The disruption that we are seeing in many industries such as energy, transportation, health care, and media is often attributed to how people adapt and incorporate new technologies into their daily lives. However, technology use is also frequently influenced by culture, as is seen, for instance, in technology adoption patterns among so-called minorities. There is a clear synergy in the changing demographics of our society and the marketplace disruption we’re experiencing. In response, a spectrum of entities —from private sector to government and non-profit agencies — are launching diversity initiatives to stay ahead of these disruptive changes.
Cultural institutions in particular are trying to respond to this evolution and remain relevant by rebranding themselves, or completely altering the makeup of their senior staff, as in the case of MOMA in NYC. Apparently the museum has been working on a turnover of its curatorial team since 2007, which it recently completed with the hire of three senior curators.
Creating diverse teams is one of the cornerstones of the change needed. It is a well-known fact that ethnically diverse teams are more effective because diversity improves the communication process. When we don’t automatically assume that the other person understands us, we make an extra effort to be clear and confirm what is meant. This is reinforced in the recent October 2014 issue of Scientific American dedicated to explaining from a scientific perspective how diversity makes us smarter.
Cultural institutions face the dual challenge of diversifying both their audiences and their collections/programs. To effectively address society’s rapidly evolving demographics, it is not enough to just bring in diverse audiences. These institutions must provide a perspective that goes beyond the static ‘multicultural’ view of co-existing cultures to show how those cultures actually interact and influence each other. In a “multicultural” view of the world, cultures exist side by side without acting upon each other (or at least pretending not to), whereas in an “intercultural” society, all cultures influence one and other while maintaining their own identities, creating a new reality that is bigger than the sum of its parts. Nina Simon recently touched upon this in her post “From Multicultural to Intercultural“, asking poignant questions about what an intercultural approach might look like in how museums approach and present their collections.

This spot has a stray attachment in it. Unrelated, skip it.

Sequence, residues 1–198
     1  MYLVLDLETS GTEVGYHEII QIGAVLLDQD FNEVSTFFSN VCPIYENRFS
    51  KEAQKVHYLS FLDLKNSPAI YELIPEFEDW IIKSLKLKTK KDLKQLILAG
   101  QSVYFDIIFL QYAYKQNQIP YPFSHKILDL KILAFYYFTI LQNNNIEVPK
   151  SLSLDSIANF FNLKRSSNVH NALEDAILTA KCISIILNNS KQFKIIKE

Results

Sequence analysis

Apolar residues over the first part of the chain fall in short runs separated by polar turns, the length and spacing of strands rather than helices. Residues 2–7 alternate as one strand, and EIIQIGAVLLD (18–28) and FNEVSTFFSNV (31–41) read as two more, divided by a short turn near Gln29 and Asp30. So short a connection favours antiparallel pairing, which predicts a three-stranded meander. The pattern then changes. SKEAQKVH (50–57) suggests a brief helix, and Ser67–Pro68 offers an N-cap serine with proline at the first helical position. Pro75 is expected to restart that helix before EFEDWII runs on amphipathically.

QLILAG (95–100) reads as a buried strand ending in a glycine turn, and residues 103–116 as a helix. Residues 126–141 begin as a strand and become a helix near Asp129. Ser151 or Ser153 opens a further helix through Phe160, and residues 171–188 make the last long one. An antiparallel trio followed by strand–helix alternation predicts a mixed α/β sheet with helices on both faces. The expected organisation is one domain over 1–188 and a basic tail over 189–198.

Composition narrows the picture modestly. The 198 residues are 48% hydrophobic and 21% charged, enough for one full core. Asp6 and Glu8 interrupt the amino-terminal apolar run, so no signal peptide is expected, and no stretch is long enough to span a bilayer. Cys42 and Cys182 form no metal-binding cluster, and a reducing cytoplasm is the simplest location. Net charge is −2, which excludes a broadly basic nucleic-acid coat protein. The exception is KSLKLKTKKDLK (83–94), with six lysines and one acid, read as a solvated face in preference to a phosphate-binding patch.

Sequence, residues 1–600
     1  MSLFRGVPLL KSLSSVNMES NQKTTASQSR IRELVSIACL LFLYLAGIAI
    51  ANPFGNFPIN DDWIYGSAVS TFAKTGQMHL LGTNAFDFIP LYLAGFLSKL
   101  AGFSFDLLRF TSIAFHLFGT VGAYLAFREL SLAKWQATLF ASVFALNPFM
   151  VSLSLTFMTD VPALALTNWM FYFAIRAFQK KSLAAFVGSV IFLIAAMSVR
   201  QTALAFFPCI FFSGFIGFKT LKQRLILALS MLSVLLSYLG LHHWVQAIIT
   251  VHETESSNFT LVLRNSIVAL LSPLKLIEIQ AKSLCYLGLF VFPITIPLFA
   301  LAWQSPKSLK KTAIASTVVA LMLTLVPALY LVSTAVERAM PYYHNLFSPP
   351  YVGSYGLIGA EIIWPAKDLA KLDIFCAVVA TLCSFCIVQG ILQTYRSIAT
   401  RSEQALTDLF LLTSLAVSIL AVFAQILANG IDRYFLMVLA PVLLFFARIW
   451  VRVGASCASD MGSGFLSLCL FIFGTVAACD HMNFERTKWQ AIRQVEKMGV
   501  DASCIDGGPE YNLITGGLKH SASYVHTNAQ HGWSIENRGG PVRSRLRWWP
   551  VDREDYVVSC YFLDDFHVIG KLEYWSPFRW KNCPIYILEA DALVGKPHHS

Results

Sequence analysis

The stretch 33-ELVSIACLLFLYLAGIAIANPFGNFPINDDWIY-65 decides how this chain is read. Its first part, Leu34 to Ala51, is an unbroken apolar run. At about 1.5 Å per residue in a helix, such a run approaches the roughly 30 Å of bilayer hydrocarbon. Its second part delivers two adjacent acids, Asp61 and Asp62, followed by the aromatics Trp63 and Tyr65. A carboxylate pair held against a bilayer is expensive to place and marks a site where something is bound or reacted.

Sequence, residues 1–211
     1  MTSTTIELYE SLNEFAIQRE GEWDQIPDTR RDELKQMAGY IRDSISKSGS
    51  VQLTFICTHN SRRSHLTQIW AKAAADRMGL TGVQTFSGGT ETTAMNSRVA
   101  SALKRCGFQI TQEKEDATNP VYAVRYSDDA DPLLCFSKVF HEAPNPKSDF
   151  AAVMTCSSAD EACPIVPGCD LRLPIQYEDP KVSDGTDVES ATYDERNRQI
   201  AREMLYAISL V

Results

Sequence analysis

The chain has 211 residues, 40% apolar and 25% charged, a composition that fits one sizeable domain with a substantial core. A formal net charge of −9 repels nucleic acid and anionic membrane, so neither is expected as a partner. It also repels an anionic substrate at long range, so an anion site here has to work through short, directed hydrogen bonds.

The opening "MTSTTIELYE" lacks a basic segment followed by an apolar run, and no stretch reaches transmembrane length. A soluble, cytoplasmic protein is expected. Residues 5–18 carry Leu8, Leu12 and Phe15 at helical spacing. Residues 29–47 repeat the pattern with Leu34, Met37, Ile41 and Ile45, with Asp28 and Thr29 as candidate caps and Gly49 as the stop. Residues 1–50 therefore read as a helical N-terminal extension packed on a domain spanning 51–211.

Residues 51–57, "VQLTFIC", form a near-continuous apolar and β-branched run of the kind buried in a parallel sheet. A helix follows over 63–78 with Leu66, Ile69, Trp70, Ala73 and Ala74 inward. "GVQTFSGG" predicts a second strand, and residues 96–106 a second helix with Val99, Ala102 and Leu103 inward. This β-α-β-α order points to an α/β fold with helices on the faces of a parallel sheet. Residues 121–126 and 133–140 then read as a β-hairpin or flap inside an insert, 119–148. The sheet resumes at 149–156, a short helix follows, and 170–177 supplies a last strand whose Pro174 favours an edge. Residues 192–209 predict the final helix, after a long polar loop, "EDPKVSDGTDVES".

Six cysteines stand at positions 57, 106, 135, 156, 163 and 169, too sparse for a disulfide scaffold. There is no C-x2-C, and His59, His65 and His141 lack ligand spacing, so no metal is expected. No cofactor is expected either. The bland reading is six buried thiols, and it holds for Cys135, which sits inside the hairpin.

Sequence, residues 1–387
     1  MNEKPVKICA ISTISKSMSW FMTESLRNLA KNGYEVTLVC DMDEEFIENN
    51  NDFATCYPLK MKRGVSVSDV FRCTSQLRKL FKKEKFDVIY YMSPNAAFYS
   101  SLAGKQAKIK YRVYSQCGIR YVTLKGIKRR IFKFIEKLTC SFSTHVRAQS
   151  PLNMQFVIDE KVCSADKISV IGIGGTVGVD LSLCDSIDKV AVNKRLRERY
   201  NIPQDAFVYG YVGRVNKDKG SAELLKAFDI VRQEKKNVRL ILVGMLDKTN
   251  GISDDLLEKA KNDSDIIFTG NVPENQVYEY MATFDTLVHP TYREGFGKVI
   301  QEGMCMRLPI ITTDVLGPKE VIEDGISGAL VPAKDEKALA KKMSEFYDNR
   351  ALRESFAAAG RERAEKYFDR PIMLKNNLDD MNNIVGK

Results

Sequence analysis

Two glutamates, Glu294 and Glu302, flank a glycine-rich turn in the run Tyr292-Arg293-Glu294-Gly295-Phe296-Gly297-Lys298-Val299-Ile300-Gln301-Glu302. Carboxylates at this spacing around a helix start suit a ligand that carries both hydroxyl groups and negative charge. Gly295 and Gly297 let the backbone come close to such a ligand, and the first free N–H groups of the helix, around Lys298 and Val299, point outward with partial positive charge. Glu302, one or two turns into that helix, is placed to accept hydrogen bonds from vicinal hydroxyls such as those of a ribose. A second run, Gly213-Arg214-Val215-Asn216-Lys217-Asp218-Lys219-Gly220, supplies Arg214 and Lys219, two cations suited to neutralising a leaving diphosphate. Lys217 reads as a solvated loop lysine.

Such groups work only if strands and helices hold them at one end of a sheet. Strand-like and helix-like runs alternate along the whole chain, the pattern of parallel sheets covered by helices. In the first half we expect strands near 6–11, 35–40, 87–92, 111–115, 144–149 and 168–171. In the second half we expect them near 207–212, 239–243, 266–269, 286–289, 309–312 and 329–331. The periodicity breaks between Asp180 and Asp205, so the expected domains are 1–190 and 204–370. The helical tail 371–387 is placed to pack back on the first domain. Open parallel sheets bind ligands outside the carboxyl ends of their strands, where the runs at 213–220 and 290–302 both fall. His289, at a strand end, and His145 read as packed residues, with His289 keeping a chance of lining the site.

Diverse audiences want to see themselves represented in cultural institutions. They want to not only see staff and board members that share their ethnic identity, but also programs, exhibits, and events that recognize their culture and their intercultural reality. Acknowledging the interdependent relationship among audiences, programs, and stakeholders is a critical step in creating the intercultural approach our society demands.
Note: A modified version of this article was published by Multicultural Marketing Resources, Inc.